Prime’s RP-38 carbon clinchers road disc wheelset features all-carbon tubeless-compatible clincher rims married to road disc hubs with straight-pull flanges. The wheels are laced with 24 Sapim CX-ray spokes, front and rear, with external Sapim alloy nipples.
All of the carbon clincher rims in Prime’s catalogue are tubeless-compatible and the wheels are tubeless ready straight out of the box thanks to pre-installed rim tape and tubeless valves. As mentioned above, buyers have a choice of 28mm, 38mm and 50mm rim profiles, but they all share the same U-shaped semi-toroidal profile that is 25mm wide with 16.5mm rim bed (measured hook-hook).
All of Prime’s carbon rims are open-mould products. The wide U-shaped rim profile was an important pre-requisite; so too was tubeless compatibility. The company may not have been responsible for manufacturing the rims, but I’m told that it conducted its own lab tests followed by an extensive period of on-road assessment before the specifications for each wheelset were finalised.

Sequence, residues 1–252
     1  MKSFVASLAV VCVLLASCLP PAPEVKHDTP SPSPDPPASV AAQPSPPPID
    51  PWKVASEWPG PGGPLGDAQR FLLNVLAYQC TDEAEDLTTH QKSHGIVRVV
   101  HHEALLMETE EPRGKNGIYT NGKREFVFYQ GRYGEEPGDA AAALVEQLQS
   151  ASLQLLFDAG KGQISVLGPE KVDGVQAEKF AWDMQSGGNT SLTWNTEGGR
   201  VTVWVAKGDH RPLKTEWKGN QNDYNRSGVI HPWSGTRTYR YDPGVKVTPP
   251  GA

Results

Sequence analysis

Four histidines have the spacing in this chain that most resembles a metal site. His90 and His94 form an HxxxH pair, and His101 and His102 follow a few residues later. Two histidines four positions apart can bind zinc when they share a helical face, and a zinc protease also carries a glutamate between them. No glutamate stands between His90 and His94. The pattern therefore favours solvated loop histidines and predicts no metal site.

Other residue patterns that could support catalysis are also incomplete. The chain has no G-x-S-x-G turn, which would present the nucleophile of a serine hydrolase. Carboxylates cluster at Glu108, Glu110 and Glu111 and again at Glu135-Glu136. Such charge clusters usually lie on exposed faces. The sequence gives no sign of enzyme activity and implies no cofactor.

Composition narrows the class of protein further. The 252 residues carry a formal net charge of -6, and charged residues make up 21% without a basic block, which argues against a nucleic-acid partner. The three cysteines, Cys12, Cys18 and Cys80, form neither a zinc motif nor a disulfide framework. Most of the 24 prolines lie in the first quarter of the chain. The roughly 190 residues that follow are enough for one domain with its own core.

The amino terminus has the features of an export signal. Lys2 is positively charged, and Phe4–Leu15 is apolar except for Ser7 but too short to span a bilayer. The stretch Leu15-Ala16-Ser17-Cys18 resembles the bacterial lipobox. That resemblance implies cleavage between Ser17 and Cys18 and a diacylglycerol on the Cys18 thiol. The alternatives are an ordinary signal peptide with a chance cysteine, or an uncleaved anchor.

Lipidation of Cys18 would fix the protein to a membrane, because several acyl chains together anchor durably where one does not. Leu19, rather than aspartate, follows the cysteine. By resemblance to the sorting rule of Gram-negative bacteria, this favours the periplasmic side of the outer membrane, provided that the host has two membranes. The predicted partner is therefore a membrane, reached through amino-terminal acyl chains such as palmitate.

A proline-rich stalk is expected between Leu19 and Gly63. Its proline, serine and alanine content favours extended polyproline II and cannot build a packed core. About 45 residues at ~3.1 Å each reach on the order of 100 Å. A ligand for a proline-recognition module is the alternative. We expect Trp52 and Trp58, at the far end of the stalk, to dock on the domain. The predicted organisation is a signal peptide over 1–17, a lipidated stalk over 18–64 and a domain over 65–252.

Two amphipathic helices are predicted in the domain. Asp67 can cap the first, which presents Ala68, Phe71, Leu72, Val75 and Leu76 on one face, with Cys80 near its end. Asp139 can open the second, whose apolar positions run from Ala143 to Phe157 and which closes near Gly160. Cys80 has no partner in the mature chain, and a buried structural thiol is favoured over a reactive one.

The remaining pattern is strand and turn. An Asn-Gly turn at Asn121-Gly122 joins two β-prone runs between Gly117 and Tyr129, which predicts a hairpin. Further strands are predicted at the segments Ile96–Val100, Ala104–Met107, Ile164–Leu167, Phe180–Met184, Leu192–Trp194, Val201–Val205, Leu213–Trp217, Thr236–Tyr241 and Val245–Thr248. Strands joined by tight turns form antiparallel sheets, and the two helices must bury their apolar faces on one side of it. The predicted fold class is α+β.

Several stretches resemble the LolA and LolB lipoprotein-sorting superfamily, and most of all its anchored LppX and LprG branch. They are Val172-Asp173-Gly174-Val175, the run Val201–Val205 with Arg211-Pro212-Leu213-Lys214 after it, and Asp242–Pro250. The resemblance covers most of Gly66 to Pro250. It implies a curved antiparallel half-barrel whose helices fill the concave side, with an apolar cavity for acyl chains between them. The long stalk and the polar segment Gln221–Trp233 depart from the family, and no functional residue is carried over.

Prime’s RP-38 carbon clincher wheels are not only tubeless-compatible, they are supplied as tubeless-ready with pre-installed tape and tubeless valves.
This last point may be an easy thing to claim but there’s plenty of evidence that Prime carefully considered every detail. This is most obvious in the range of adaptors that are provided with each wheelset and the inclusion of spare spokes and nipples. In short, Prime wheels might be priced to catch the attention of bargain-shoppers, but that doesn’t mean the company has taken any shortcuts in developing the final product.
Novatec provides the hubs for all of Prime’s wheelsets. As mentioned above, there is a choice between a conventional hub design and j-bend spokes, or a lighter hubset with straight-pull flanges and spokes, which is what is used for the RP-38 wheelset.